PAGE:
If you live in the United States, you are required by law to pay sweepstakes taxes on all of your prize wins. Legally, this includes everything from grand prize wins like cars and dream houses to smaller prizes like t-shirts and baseball caps. Find out what to expect from sweepstakes taxes and what you should do to prepare for them.
1. When Do I Pay Taxes?
You are only obligated to pay taxes when you receive a prize. So if you are notified of a win, but it never arrives, you do not need to pay tax on it. If you are notified in 2007 that you have won a new car, but you don’t actually get your hands on it until 2008, the taxes are due for the 2008 tax year.
2. What if a Prize Value is Inflated?
Taxes are due on the Fair Market Value (FMV) of a sweepstakes prize. The FMV is the price that you could expect to pay if you bought a similar product on your own. The FMV can vary from the ARV listed in the sweepstakes rules.
For example, a digital camera might have been worth $500 when the sweepstakes began. However, by the time you actually receive the prize, it could be selling in stores for only $350. If you can prove that the true FMV is $350 by collecting sales brochures or newspaper advertisements for the product, you will only have to pay taxes on the $350. You can then dispute the ARV on your taxes.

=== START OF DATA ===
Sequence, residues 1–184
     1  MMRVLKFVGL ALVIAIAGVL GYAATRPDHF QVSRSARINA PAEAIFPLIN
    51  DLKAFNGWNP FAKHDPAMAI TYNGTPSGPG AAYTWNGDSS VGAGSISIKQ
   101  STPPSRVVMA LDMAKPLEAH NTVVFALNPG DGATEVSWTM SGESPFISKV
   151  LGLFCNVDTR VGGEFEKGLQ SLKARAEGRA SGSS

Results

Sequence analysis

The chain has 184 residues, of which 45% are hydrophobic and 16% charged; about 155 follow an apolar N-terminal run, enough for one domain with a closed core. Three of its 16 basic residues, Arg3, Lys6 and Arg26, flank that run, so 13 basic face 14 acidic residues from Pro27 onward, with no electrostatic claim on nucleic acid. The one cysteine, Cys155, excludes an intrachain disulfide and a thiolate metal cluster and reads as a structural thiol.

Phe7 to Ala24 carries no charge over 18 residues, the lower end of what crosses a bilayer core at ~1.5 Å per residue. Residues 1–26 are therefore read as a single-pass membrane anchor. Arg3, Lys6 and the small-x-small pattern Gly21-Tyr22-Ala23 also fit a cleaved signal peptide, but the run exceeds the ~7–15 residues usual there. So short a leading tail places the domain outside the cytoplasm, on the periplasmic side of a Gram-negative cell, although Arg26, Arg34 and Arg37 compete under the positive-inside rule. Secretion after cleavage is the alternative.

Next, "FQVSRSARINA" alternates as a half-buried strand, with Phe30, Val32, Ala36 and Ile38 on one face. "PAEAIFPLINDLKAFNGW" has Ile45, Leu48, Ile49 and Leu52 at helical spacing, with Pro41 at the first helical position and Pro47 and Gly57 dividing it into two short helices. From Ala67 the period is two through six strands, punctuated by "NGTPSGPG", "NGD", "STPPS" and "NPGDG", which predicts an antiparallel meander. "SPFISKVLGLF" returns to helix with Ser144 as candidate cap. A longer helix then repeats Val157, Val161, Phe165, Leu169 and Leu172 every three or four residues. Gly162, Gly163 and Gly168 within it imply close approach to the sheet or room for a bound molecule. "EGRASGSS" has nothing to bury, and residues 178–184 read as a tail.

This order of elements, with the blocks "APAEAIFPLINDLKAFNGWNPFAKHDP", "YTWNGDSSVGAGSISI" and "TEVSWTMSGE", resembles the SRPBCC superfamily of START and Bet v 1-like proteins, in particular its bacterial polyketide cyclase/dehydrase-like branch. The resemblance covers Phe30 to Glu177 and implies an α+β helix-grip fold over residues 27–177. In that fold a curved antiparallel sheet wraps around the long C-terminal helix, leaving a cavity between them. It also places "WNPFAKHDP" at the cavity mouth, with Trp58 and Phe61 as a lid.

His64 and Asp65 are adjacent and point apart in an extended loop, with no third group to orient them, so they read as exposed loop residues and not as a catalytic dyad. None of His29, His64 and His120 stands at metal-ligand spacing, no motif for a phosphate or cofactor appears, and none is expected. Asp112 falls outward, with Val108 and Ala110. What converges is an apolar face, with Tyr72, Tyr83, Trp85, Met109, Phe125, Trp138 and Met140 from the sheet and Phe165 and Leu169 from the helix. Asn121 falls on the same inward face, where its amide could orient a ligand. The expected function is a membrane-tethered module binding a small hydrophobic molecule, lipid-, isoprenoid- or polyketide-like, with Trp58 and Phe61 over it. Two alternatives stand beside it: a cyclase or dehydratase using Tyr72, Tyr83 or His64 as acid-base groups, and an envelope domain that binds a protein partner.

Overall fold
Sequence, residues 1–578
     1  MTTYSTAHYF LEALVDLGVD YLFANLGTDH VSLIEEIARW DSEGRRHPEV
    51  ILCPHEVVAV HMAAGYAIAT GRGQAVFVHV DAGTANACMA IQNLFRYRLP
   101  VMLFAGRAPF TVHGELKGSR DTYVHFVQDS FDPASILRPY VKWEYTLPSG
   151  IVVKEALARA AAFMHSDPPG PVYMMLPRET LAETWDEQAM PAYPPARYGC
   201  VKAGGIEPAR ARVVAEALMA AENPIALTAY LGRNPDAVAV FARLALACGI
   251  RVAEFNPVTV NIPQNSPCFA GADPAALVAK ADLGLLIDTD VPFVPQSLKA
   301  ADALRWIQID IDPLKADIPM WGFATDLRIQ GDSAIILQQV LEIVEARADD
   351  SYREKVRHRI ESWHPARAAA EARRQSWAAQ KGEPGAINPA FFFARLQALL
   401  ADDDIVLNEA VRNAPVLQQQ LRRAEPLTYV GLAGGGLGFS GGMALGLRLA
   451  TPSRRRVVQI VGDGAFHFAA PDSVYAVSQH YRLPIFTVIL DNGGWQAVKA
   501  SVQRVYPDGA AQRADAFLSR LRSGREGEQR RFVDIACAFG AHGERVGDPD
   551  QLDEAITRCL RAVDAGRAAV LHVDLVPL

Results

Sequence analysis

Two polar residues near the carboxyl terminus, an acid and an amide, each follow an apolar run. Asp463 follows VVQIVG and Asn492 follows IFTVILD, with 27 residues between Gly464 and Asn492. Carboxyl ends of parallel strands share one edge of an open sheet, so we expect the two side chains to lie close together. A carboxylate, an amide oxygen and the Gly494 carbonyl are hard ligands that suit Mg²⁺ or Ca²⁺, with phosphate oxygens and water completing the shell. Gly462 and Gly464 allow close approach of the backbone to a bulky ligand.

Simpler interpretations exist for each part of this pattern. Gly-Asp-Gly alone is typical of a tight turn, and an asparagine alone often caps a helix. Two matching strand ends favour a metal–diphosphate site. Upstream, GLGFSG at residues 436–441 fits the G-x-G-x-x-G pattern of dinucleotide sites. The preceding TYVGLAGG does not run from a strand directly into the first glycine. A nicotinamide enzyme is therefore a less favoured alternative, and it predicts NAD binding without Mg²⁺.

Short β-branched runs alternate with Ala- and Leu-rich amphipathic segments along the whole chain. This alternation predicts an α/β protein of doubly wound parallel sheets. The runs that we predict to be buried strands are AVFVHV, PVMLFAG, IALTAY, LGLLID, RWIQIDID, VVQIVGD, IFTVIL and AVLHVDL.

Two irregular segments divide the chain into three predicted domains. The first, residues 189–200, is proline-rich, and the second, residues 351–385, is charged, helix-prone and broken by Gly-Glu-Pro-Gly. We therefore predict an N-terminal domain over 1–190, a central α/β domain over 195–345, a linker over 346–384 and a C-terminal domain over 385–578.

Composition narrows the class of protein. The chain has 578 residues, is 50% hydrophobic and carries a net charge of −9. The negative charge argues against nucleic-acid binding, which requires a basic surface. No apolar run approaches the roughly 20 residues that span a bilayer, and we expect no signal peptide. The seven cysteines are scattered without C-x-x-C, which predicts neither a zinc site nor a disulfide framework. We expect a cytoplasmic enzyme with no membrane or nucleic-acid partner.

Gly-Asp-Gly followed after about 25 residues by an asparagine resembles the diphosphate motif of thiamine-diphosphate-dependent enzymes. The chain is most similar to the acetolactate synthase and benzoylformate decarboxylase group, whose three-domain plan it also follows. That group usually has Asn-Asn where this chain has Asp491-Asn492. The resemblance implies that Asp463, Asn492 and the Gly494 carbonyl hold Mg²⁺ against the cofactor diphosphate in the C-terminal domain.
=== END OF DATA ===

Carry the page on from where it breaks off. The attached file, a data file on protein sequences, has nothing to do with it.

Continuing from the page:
3. How are Taxes Paid?
Taxes on prizes are paid on your tax forms at the end of the year, just like your regular salary. They are listed as other income and paid at your normal tax rate. It is possible that your prize wins could bump you up into the next tax bracket.
4. Will I Ever Have to Pay Taxes to a Sweepstakes Sponsor?
In most cases, you should never pay taxes directly to a sweepstakes sponsor. Asking for money for taxes before sending a prize is a sign of sweepstakes fraud. If it's a real win, you won't have to pay for it. Be sure to learn about sweepstakes scams and how to recognize them.
Exceptions include vacation giveaways, where the sponsors occasionally collect travel-related taxes like hotel and airport taxes or port fees.
For specific information about paying sweepstakes taxes, visit the IRS website or consult with your tax professional.